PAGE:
We share common enemies now and the economies of APEC are vulnerable, especially the Philippines, to these modern day threats.
Fidel V. Ramos, President of the Philippines from 1992-1998, championed market reforms and the opening of trade and investment which has sparked rapid growth and development across the archipelago of 100 million people. He also played a key role in shaping APEC’s agenda, including at the first APEC Economic Leaders’ Meeting on Blake Island in 1993 and as host of the meeting three years later in Subic.
On the occasion of APEC’s 25th anniversary in 2014 and as the Philippines prepares to host member economies next year, Ramos described the role of cooperation within the region in facilitating economic progress and new challenges to growth and prosperity.
APEC Bulletin: What is your view on the growth and development of the Philippines economy since it helped found APEC in 1989 and the impact engagement with other member economies has had in advancing this process?
Ramos: The Philippines opened up starting in 1986, but we couldn’t do all the things we wanted to do to reform our socio-political economy and therefore, our entry into APEC was a very good time to begin reforming and transforming.
For instance, we increased our connectivity and foreign relations all over the world. Number two, we provided the telecommunications, the power supply, the transportation—both air, sea and land—as well as the people-to-people networks that were necessary for our economy.
Let me also say that APEC has provided a very strong and liberalizing effect on our economy especially in regard to respecting market forces in our domestic economy and in our regional economy in the Asia Pacific.
APEC Bulletin: What do you see as the biggest challenges to further progress in the Asia-Pacific? Where should the Philippines and other APEC economies channel their attention moving forward?
Ramos: As you and I know, and all of the APEC member economies know, including those outside APEC, mankind in the 21st century is no longer faced with grave threats from other economies nearby or far away within the region or outside the Asia-Pacific region.
We share common enemies now and the economies of APEC are vulnerable, especially the Philippines, to these modern day threats. These are climate change because of global warming and this is due to the abuse by people around the world of the environment through extravagant consumption and wasteful management.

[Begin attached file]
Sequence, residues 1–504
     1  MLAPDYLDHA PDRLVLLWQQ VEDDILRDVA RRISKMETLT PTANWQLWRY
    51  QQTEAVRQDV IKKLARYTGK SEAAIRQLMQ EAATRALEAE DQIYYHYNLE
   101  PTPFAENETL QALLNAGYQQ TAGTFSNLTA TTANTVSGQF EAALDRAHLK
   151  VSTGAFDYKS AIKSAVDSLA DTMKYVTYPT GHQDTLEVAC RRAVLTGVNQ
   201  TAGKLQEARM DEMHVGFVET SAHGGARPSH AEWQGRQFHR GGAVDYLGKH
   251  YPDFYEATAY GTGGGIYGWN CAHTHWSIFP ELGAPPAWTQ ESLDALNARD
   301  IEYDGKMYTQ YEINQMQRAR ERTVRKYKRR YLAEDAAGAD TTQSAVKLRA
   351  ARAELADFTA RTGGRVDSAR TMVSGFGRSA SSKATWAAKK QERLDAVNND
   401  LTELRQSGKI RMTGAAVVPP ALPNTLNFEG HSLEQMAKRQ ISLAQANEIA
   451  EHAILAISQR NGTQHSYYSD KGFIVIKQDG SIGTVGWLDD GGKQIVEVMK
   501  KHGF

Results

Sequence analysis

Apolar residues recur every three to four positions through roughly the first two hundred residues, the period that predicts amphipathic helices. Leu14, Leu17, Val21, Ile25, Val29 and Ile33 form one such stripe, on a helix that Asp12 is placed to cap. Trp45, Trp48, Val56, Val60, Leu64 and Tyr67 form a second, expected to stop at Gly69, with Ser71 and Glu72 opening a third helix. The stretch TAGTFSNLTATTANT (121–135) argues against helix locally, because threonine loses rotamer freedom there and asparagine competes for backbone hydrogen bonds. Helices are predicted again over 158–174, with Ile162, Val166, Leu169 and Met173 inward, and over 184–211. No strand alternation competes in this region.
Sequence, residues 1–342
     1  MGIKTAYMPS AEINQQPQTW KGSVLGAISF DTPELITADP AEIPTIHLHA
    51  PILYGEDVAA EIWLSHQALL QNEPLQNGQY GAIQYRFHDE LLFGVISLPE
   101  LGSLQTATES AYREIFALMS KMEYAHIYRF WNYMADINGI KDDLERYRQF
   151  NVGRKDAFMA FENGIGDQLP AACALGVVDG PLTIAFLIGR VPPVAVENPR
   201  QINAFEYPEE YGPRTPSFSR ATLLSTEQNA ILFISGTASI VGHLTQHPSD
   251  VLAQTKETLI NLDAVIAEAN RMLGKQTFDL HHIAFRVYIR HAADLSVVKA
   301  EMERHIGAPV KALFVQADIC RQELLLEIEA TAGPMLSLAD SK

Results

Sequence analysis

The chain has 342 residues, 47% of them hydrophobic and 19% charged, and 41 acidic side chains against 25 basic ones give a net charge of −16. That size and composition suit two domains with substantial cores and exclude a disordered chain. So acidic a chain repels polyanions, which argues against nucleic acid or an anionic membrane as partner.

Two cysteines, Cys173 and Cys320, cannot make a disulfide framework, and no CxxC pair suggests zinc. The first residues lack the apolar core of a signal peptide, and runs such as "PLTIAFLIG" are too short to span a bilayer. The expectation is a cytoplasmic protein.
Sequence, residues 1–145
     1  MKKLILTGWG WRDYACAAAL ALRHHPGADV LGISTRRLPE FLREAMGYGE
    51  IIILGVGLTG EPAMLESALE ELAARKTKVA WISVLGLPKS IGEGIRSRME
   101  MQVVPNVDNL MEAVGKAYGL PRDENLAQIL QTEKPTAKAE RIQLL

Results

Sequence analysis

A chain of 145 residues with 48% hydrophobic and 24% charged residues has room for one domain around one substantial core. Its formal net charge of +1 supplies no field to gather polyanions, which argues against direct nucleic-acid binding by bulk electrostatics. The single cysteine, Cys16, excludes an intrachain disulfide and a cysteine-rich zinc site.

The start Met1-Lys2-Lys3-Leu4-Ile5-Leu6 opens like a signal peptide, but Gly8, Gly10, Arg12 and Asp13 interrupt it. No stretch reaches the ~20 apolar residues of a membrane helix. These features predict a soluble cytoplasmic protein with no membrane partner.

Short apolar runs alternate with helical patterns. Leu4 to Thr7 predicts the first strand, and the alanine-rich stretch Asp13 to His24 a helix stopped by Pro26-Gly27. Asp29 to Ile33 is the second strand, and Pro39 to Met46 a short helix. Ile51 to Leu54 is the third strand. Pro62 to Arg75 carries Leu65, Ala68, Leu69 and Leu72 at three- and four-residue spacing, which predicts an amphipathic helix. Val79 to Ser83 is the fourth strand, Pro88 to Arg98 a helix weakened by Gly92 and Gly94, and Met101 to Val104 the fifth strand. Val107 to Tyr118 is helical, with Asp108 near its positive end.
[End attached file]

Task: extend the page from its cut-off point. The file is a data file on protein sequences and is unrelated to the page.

Secondly, there’s also the massive incidents of poverty around the world and this has required people’s defenses against deprivation and, hopefully, people’s benefits in terms of decent housing, good basic education for kids and, of course, healthcare and longevity for earth’s people.
APEC Bulletin: Bridging socio-economic disparities in a region that is so big and diverse is clearly a challenge. What are your thoughts on the tracking and benchmarking of progress?
Ramos: How do the people in Mexico or Chile or Peru live in comparison with the way we live here in the Philippines? This, of course, is a function that is being performed right now by the United Nations and every year, they put out the UN Human Development Index which is a measurement of the quality of life of our peoples around the world.
I think the APEC Secretariat, guided by the APEC leaders, should now make a comparative analysis of how we are all situated in terms of the quality of life like governance, personal security, habitat, per capita income, healthcare and longevity, basic education, job opportunities etc. Therein lies the solution to help narrow the gaps that are inequitable.
I hope that will happen within the next generation because I have a feeling that our APEC leaders also think the same way. Nobody wants war. Nobody wants poverty. Nobody wants hunger. Nobody wants disease.
APEC Bulletin: The Philippines is meanwhile rebuilding from Typhoon Haiyan. What lessons does this tragedy offer economies, particularly those in the Asia-Pacific which are already natural disaster prone and now having to deal with the increasingly severe effects of climate change?
Ramos: The more developed economies, not necessarily in APEC but I’m talking about the Netherlands for instance, have already developed a system to protect their lowlands from strong ocean surges.
Now, we experience this in the Philippines because we are an archipelago of 7,107 islands—it’s hard enough but I can imagine how much more dangerous the situation is for tiny but independent Pacific island nations out there. They are not APEC members but they are within our area of responsibility. I’m talking about Fiji and Samoa, etc.
Let us help them and, by doing so, we help ourselves through this new natural disaster calamity phenomena by leading in the development of the systems here in our region and transferring this technology to the smaller, poorer economies.
Then, there’s the matter of protecting marine biodiversity. Again, APEC economies are vulnerable. We fish in the oceans but many of our practices are already destructive of marine biodiversity. We must adopt common best practices.
APEC Bulletin: When thinking about economic security, the Philippines was of course among the economies impacted by the Asian Financial Crisis but was able to rebound fairly quickly. What is your take on the post-crisis environment today and where economies should go from here?